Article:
Hyundai Ioniq 6 Max RWD driven

After having driven and tested a swarm of SUVs, it’s good to be sitting a few pegs lower to the asphalt in the next test car.

The Hyundai Ioniq 6 sedan answered that call.

The fully imported Ioniq 6 rolled into Malaysia in July 2023 with two top variants.

Less than two month later, Hyundai expanded the line-up to four, bringing in lower-priced versions to make it available to a wider range of customers.

Hyundai obviously wants the Ioniq 6 to play in the premium league with prices ranging from RM220,000 to RM320,000.

With the exception of the top model variant which is all-wheel drive with two electric motors, the rest of the Ioniq 6 range comes packing a single motor in the rear axle.

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The Max AWD, Max RWD, Plus RWD and Lite RWD retail for RM319,888, RM289,888, RM249,888 and RM219,888 respectively.

Hyundai and its affiliate Kia have been on a roll in recent years, producing high quality cars with eye-catching designs that have won them numerous awards.

The Ioniq 6 was the 2023 World Car of the Year and collected two more awards for its design and powertrain. The Ioniq 5 was the World Car a year before, and this year it was Kia’s turn and its EV9 to grab that brand-boosting accolade. All in all, a great few years for the Koreans.

All these award winners also have something in common — they use the same Electric-Global Modular Platform (E-GMP) and support multi (400/800V) rapid charging system and Vehicle-to-Load (V2L) functionality.

With 11kW AC charging, it takes about 7 hours to go from 0-100%. Using a 350kW DC charger to charge from 10-80% is only 18 mins, while a 50kW DC charger stretches it to 73 mins.

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The Hyundai Ioniq 6’s design is a marked departure from conventional automotive aesthetics, featuring a sleek, streamliner silhouette inspired by 1930s aero efficiency.

While the front half of the tear-dropped car is fine, it’s the back half that either makes one love it — or not.

The swoopy rear has been likened to that of the Porsche. The Ioniq 6 has dual spoilers with the upper one broad and horizontal and is reminiscent of the whale tail of the 1970s Porsche 911.

The exterior lighting is particularly noteworthy, with Parametric Pixel-inspired headlamps and tail lights that add a futuristic touch to its overall design.

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The full-length light bar at the rear amplifies this modern approach. Even the side mirrors come with signal lights with the square pixel lighting.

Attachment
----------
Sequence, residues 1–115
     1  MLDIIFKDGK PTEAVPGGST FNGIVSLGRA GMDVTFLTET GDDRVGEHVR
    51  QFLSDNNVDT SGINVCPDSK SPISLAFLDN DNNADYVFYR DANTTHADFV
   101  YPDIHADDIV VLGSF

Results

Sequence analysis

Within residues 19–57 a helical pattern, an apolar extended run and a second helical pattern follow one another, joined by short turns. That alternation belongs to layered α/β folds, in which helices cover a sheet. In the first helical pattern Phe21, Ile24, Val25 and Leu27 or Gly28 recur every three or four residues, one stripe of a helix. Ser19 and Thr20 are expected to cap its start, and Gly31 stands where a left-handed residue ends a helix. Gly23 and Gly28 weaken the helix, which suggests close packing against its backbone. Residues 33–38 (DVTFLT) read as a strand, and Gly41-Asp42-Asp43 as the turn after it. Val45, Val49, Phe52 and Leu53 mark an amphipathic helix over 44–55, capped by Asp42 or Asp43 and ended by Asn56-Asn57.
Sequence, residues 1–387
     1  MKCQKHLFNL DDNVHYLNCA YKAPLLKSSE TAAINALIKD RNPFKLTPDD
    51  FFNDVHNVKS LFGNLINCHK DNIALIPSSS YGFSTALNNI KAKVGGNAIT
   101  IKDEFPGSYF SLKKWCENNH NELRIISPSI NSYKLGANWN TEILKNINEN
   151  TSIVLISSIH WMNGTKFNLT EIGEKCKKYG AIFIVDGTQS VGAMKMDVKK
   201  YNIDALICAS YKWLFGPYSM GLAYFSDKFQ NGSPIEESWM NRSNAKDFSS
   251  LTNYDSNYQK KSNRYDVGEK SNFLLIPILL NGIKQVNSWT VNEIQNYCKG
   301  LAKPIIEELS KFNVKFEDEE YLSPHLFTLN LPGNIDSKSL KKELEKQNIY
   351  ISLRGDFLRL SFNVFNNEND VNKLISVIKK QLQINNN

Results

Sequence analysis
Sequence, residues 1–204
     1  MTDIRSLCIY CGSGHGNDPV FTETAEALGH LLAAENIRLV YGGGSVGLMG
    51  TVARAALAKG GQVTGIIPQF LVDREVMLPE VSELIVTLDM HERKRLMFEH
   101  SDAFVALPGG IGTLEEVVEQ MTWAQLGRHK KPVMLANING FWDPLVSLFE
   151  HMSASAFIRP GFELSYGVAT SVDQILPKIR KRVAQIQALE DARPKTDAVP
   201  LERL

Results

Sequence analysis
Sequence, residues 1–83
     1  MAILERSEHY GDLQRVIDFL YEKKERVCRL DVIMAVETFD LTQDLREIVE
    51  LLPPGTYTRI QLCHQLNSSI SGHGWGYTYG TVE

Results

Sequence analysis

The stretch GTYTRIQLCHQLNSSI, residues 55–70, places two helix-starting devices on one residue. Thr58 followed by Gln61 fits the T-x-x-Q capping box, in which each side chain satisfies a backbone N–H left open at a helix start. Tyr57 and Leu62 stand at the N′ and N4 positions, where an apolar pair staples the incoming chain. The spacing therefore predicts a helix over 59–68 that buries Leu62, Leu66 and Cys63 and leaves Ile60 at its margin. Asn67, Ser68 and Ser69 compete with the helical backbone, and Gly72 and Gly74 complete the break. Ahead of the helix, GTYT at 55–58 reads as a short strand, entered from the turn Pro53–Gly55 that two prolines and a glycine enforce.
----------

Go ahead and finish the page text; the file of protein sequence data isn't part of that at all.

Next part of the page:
The overall lighting package gives the Ioniq 6 a signature look that is sophisticated and instantly recognisable.

Its low-slung profile and elongated shape are not just distinctive but functionally crafted to enhance aerodynamic efficiency, boasting an impressive drag coefficient of just 0.21. That’s much better than the 0.28 of the blocky Ioniq 5.

The Ioniq 6’s shape thus contributes to its performance and range efficiency.

In fact, the Max RWD test unit has the longest range of the four Ioniq 6s.

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At 614km, it is also one of the few electric cars with one of the longest range. And some drivers have reportedly wrung a range close to that number, with just enough electrons left to get to the next charger.

However, it’s generally a good idea to manage your expectations; real-world range would probably be around 520km after discounting 15% from the official figure for a sensible operating margin.

Factors like driving style, heavy traffic, lugging a lot of weight, ascending hills or hot/cold weather all conspire to reduce range.

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The cabin is spacious and minimalist. Anchoring the space is a cockpit equipped with dual 12.3-inch screens that look more refined than those of the Ioniq 5 with its large bezels.

The twin displays feature the instrument cluster and infotainment system, providing a seamless and high-tech user interface, complemented by physical buttons below for quick access to air-cond controls and volume.

Hyundai’s touchscreen infotainment system includes connectivity features like wired Apple CarPlay and Android Auto plus a host of Hyundai’s proprietary smart vehicle functions, making it both intuitive and versatile for driver and passengers alike.

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Both ends of the dash looked oddly blank, however. That’s because OLED displays for the optional digital side cameras are supposed to be there in markets where they are allowed (Note: Malaysia allows for such cameras as seen in the Kia EV9 and Lotus Eletre).

Door window switches are grouped in the centre console like in classic BMWs; that’s to give the doors a cleaner look, says Hyundai.

Pixel lighting replaces the “H” emblem on the steering wheel and is used to enhance driver-car connection signalled by different light colour combinations and sequences.

The flat floor, a typical benefit of EV platforms, enhances the feeling of space, making the interior feel more akin to a lounge than a traditional car. There’s also ambient lighting allowing occupants to customise the cabin’s atmosphere to their preference.

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Front seats are comfortable and supportive, and one sits low and snug. The front passenger seat has side button controls to allow the passenger behind to push it forward to increase rear space.